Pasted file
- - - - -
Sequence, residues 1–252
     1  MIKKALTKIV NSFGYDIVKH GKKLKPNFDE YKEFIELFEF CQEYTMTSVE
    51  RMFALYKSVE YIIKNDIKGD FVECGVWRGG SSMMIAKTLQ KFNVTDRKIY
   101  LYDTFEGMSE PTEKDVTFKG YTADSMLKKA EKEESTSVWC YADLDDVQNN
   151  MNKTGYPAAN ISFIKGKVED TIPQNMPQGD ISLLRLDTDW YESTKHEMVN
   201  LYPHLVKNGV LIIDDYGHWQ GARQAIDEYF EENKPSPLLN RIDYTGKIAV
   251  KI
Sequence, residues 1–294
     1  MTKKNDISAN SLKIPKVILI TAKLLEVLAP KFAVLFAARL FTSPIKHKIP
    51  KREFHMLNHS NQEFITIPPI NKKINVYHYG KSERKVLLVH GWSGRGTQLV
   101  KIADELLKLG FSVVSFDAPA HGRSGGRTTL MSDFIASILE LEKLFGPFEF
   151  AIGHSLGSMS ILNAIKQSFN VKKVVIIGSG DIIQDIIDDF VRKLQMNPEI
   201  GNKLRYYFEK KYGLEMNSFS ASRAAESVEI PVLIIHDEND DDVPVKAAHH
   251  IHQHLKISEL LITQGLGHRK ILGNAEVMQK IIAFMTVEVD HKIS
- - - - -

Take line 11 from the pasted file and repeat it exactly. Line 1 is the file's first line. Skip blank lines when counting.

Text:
   101  KIADELLKLG FSVVSFDAPA HGRSGGRTTL MSDFIASILE LEKLFGPFEF